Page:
614-475-1800
Fast Texting Call SHC Easy Booking Reviews

Why Does My Air Conditioner Have Ice Build Up?

Rated 4.9 out of 295 reviews
Ac With Ice

Air Conditioner Ice Build Up

Does your air conditioner have a build up of ice on the outside? Wondering what could be the cause or fix for this? Read on to find out!

Restricted Air Flow

The major cause of ice build up on an air conditioner is restricted air flow.

Without the proper air flow being able to flow over the evaporator coil, the temperature will easily drop below freezing and ice will begin to accumulate both inside and outside.

Most people only notice their outside unit being frozen but chances are if you our outside unit is a block of ice then so is the evaporator coil that sits on top of your furnace out of view.

R-22 refrigerant works to cool your home by making your indoor coil extremely cold as warm air blows over it.

The best way to prevent ice build up on your air conditioner is by regularly changing your filter and keeping it clean.

If your furnace filter is clean, there is a chance that your evaporator coil may be clogged with dirt, hair ect.

If you have never had this cleaned in the past, it may be time. Other items that can cause your air conditioner to freeze:

  • Blocked drain pipes
  • Refrigerant leaks
  • Low temperature outdoors
  • Night time setting of your thermostat is too low

Signs Your Evaporator Coil Is Frozen

As previously stated above, if your outdoor unit is a bock of ice, chances are so is your evaporator coil. Signs that your evaporator coil is frozen include:

  • Condensation on the surface of your air handler indoors
  • Condensation on the surface of the condensate drain
  • Ice build up on your refrigerant line outdoors
  • Ice build up on your evaporator coil

What to Do When Your Air Conditioner Is Frozen

  • First things first, you need to turn your air conditioner off immediately to begin to let it thaw out.
  • Next, check to make sure you filter is clean and if it isn’t replace it with a new one.
  • Allow the ice on the unit to melt all the way. This could easily take 5 or more hours but it needs to completely thaw before it can be used again.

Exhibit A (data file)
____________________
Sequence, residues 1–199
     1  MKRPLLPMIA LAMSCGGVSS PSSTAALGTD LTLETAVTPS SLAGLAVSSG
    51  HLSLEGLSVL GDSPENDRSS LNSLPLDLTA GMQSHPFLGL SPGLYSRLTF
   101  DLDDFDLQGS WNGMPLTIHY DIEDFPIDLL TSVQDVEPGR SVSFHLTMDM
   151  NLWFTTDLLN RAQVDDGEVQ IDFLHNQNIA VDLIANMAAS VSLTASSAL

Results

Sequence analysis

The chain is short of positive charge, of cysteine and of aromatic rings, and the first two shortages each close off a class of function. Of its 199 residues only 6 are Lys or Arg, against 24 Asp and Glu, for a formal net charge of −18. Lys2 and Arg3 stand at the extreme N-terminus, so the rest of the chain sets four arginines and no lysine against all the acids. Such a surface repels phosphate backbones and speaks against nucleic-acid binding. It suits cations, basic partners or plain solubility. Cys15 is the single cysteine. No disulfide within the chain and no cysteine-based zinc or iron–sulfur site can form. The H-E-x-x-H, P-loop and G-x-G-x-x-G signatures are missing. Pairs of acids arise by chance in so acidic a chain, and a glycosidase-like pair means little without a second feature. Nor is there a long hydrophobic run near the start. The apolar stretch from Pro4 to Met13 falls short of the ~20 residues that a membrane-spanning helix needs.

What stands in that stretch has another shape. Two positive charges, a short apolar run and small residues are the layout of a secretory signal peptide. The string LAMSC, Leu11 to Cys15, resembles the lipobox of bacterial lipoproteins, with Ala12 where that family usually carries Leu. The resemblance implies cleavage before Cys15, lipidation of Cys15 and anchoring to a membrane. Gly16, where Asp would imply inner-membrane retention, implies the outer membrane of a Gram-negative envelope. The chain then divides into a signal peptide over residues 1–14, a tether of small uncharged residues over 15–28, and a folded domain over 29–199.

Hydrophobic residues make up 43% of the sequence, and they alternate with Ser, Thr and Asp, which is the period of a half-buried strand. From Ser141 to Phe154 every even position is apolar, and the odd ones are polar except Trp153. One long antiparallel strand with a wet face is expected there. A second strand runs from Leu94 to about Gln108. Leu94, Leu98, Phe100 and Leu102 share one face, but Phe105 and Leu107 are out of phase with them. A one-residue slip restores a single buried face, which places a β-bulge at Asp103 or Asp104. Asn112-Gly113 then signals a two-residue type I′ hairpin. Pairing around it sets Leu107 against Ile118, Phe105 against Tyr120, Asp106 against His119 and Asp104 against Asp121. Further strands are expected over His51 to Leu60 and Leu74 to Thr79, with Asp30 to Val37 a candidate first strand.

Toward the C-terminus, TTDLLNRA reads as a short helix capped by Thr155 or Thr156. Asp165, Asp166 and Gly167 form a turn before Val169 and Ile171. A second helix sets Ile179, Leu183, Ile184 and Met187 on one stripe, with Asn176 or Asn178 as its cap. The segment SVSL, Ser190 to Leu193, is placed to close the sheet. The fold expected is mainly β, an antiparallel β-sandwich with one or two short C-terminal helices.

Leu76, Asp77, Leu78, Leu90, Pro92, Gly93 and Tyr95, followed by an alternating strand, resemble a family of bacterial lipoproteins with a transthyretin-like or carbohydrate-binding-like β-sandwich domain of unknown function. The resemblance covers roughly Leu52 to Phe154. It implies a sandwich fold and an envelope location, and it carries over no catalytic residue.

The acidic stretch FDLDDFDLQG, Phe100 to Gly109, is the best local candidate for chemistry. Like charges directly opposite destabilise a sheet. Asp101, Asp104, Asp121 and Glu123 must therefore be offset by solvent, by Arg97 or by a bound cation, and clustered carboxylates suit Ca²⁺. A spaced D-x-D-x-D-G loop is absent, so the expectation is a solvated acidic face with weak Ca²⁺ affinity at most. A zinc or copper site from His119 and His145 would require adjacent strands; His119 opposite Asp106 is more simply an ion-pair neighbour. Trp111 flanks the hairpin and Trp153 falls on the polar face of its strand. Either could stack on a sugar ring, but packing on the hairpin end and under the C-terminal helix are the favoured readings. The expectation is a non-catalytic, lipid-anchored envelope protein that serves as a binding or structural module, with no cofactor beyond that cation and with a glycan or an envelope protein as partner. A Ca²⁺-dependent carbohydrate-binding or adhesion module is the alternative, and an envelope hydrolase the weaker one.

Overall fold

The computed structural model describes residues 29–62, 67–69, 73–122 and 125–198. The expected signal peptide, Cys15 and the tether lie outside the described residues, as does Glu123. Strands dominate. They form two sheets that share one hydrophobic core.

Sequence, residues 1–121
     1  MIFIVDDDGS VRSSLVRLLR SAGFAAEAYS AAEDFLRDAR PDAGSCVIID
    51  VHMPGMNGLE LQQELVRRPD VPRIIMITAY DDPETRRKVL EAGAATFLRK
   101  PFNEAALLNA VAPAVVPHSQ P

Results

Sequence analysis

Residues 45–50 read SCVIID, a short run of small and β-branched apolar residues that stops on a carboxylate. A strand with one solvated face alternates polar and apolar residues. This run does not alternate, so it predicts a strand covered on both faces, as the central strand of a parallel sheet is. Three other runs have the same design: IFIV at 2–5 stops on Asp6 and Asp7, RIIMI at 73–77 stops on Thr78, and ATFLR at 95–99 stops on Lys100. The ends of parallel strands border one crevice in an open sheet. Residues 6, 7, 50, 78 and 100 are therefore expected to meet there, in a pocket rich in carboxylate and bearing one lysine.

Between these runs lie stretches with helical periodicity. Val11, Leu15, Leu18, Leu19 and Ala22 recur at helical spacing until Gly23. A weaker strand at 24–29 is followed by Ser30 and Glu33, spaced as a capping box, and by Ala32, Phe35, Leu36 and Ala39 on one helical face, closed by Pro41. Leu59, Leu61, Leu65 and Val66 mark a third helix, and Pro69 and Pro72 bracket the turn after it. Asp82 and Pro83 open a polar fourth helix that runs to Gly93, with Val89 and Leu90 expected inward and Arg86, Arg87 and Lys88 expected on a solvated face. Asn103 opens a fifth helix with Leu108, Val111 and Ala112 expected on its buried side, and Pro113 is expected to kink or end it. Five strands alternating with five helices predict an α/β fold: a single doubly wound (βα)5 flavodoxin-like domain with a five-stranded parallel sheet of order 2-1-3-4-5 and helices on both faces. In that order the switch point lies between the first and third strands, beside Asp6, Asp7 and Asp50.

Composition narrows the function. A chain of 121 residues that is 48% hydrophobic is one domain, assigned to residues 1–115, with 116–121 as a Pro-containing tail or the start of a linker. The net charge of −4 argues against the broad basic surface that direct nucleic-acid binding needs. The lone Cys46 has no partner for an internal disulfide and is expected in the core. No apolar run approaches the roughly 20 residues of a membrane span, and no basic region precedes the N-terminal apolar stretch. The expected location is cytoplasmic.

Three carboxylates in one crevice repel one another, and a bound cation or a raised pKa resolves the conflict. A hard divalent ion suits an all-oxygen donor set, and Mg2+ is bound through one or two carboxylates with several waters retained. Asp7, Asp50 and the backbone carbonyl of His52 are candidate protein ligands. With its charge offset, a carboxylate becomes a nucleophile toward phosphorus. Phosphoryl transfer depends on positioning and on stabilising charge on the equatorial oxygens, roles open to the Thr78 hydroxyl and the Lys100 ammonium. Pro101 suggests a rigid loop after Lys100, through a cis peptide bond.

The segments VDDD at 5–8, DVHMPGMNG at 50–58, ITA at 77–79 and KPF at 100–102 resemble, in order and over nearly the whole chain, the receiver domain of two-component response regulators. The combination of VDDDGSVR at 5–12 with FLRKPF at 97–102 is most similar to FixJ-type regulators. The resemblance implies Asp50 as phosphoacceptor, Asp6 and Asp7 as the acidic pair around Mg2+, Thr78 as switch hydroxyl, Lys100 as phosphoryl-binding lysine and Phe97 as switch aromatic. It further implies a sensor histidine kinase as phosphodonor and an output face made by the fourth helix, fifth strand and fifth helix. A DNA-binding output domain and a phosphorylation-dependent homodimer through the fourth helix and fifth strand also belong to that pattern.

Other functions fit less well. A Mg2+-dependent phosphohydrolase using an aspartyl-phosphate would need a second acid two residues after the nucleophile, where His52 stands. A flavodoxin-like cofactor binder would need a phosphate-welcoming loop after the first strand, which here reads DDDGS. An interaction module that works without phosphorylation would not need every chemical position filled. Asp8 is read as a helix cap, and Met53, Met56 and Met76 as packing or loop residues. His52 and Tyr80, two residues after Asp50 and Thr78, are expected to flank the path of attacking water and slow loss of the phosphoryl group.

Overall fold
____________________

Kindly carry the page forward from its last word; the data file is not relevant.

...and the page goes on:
• After your air conditioner has completely thawed out, and with a clean filter in it, turn it back on and see if it works properly.
  • If you are still having issues after this, contact a professional HVAC company for help.

Things Not To Do

  • If your air conditioner is frozen, it is important to not continue to operate the unit. By running your air conditioner while it is frozen, you run the high risk of damaging your compressor or burning up your motor. These parts are very expensive to replace and should be taken care of at all costs.
  • Don’t attempt to scrape or pick the ice off of your air conditioner or evaporator coil. The chances of damaging your unit are high and this will not speed up the process or solve the actual problem.

Conclusion

Finding your air conditioner covered in ice is never fun, but it is important to follow the correct steps to solve the problem.

Taking short cuts will likely lead to you damaging your unit even further and costing you more money in the long run.

Ice on your unit is indicative of a problem and it is important to find what that problem is to prevent ice from reforming.

If you have followed all of the above steps and are still having issues, contact us and we will be glad to help you out.

» «
Sears Is Here

An Expert Team, An Unshakeable Work Ethic, A Guarantee Of Service

Sears Heating & Cooling can care for every aspect of your home HVAC service, and we do so with a commitment to quality and a passion for excellence you won't soon forget. There are many contractors you can call. There's only one you need to.

100% Relief

American Standard Customer Care Logo
Bryan Dealer Logo
Vetran Owned Family Owned Color
Payne Right For You
Google Rating
4.9
Based on 1751 reviews
js_loader